University of Adelaide

Forever in their debt

Once the British Empire had declared war in Europe the response from the University of Adelaide was unhesitating.

Fast-tracking doctors for the frontline

Treating the wounded in the “Great War” became a major challenge for the allied forces as the terrible injury toll mounted. The Defence Department issued an alert stating that 100 doctors were immediately wanted for the Royal Medical Service in addition to those urgently needed for the Australian Military Service.

The University of Adelaide responded by concentrating the period of study for its medical degree, with students and lecturers readily agreeing to forego vacation periods so that qualifying exams could be held two months earlier.

Their enthusiasm was undiminished a year later. By the end of 1915, more than 100 graduates, and 105 current students, as well as members of the University Council and teaching staff, were on active service. This included no fewer than five Rhodes scholars, one of whom won the Military Cross for bravery on the battlefield.

Enhancing artillery accuracy

University of Adelaide graduate William Lawrence Bragg, winner of the 1915 Nobel Prize for Physics, applied his talent to a ground breaking area of research during the First World War, successfully developing sound ranging methods to locate enemy guns. He was awarded the Military Cross for his efforts and appointed an Officer of the Order of the British Empire.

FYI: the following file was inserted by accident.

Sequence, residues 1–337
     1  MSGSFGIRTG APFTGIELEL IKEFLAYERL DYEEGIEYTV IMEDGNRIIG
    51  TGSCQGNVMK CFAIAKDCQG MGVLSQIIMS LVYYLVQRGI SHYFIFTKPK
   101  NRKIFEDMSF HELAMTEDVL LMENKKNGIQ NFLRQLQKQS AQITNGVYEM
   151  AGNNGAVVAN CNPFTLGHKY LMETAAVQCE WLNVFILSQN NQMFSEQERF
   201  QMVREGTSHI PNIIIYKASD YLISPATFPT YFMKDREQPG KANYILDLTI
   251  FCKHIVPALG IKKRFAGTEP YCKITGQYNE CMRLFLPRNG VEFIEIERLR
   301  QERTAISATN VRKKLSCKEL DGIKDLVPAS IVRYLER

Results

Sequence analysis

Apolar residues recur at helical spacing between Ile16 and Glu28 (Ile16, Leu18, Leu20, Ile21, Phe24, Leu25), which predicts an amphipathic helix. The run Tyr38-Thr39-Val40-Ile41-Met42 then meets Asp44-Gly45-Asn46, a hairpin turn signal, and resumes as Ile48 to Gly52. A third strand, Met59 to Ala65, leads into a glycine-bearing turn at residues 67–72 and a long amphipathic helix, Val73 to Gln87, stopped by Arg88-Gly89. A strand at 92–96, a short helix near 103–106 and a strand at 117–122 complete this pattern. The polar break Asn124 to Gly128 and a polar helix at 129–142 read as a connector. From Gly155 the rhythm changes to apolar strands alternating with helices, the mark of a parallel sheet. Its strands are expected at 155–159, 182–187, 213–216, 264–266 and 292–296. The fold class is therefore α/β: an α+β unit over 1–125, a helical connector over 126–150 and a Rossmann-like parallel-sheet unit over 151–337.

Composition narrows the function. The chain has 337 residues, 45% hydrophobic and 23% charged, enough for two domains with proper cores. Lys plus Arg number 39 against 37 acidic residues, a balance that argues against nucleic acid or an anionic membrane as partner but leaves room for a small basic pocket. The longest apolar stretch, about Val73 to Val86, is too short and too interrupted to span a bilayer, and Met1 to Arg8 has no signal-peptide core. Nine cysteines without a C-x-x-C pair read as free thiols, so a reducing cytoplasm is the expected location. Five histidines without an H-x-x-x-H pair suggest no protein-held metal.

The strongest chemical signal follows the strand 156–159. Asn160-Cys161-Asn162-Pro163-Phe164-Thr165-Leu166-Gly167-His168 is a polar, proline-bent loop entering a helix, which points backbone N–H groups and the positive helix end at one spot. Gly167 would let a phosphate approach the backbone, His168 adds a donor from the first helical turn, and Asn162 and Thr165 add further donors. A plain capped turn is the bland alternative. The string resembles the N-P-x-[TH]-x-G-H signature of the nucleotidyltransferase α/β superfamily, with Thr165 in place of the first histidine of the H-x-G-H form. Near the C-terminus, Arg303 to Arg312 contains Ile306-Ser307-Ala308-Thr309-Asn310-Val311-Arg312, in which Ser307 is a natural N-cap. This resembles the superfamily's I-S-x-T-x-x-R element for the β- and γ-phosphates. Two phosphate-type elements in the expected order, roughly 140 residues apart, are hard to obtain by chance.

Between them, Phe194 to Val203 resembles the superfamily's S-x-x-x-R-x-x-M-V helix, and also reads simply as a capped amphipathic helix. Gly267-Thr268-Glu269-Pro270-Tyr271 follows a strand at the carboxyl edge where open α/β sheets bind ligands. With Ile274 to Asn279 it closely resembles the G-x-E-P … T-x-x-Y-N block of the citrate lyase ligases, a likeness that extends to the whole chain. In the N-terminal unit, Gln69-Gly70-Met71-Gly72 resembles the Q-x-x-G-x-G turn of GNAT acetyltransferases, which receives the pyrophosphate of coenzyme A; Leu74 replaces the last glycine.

The impact of war

By the end of 1919, the magnitude of the war’s impact was clear. A total of 512 members of the University community had gone to war, with nearly half of them current students. 71 had died in action or as a result of injuries or illness sustained, and a further 88 were wounded.

Memorials were planned to honour those who had died, but not only those carved in brick and stone. “The best memorial we can raise,” said the Chancellor to returned service men and women, “is to see that the spirit of University life is upheld…We know what sacrifices you made, what dangers you passed through. We know what glorious victory you have helped to win. Accept our thanks and hearty welcome.”

Looking to the future, the University of Adelaide is committed to ongoing research and education on WW1 history and understanding the reality of war.

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